Motor Museum, Caister Castle, West Caister, Norfolk
Ensuring suitable information is provided to justify changes to heritage assets
Caister Castle was commissioned by Sir John Fastolf in 1432, but badly damaged in a siege in the 1460s and finally left in ruins around 1600 when a new house – Caister Hall – was built beside it. The Hall was remodelled in the 1830s and the east-wing barns are a late-19th century addition. A motor museum was established in the grounds of the Castle in the 1960s. The castle ruins are now a Scheduled Ancient Monument and the Hall is Grade II* listed.
What we did:
We raised concerns about a proposal to convert part of the east-wing barns into a café. The initial Heritage Statement only made reference to the Castle, not the grade II* listed Caister Hall and curtilage-listed barn, which form an important part of the immediate setting of both the Hall and the Castle. Insufficient information was provided about the significance of the Hall and its outbuildings, as well as the areas of the barn to be altered.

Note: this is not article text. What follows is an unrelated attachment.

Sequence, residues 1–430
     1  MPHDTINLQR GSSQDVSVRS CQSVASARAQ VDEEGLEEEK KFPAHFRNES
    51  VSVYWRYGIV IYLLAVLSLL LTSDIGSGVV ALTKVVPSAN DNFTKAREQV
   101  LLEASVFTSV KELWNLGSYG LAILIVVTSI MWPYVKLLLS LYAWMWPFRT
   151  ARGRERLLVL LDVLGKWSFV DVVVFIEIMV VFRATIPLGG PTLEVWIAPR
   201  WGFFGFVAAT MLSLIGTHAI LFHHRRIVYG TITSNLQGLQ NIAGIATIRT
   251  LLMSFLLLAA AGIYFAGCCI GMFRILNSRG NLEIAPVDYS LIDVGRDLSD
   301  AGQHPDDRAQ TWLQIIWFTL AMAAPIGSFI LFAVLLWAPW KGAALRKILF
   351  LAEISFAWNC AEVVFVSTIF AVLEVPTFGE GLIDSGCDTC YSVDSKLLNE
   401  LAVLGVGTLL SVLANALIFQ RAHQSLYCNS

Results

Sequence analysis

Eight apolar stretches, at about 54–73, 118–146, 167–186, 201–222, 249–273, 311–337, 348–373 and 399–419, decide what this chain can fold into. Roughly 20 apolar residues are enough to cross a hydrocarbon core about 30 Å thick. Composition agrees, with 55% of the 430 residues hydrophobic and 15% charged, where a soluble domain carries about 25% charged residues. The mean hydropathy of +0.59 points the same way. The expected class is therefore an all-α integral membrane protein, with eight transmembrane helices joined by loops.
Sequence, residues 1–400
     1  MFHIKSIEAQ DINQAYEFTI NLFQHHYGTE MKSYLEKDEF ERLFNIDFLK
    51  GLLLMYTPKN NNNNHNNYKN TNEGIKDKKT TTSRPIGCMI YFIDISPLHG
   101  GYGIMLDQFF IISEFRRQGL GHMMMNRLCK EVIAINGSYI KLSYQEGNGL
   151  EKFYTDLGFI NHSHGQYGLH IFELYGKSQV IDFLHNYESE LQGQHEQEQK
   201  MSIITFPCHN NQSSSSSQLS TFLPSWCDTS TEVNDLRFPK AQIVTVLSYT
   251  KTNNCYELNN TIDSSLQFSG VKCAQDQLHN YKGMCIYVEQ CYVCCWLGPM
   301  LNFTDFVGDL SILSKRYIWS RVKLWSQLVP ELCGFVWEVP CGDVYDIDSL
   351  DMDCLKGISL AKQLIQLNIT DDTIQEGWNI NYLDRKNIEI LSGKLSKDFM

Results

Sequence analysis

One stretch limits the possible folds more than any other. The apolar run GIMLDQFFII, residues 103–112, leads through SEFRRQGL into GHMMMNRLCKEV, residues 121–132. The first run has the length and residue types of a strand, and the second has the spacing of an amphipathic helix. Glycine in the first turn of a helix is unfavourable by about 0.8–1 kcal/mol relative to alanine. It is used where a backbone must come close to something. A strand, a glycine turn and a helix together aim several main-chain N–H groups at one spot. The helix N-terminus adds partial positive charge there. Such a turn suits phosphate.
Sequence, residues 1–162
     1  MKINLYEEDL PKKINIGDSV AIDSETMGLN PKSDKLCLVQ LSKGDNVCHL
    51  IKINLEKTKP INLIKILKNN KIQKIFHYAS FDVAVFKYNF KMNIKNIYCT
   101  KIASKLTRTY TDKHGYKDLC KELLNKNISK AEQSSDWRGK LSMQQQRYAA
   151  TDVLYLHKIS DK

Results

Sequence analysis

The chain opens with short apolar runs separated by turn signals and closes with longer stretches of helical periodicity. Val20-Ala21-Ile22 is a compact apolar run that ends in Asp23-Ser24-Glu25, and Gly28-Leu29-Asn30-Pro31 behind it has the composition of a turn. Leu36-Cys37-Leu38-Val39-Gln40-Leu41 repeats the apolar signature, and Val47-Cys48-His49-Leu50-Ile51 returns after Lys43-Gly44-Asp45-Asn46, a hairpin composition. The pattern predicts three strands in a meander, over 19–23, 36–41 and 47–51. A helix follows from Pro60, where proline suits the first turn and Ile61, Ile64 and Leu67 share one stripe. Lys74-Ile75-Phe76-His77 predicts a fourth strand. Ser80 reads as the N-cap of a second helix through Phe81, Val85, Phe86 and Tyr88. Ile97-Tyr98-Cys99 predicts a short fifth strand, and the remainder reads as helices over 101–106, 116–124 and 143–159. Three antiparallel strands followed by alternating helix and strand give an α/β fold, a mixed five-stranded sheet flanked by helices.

Revised and more detailed plans and information were subsequently received, which were satisfactory and confirmed that the proposals would retain most of the historic features and fittings. Our comments appeared on the local authority website and were cited in the Officer’s Report
The application was subsequently approved, with the planning authority’s Conservation Officer noting: ‘Alterations have been undertaken to Caister Hall for its whole lifetime and reflect its changing needs as a dwelling and latterly a visitor attraction. The proposal now ensures the re-use of the building without significant alteration and ensures the protection of historically significant features and is therefore considered appropriate.’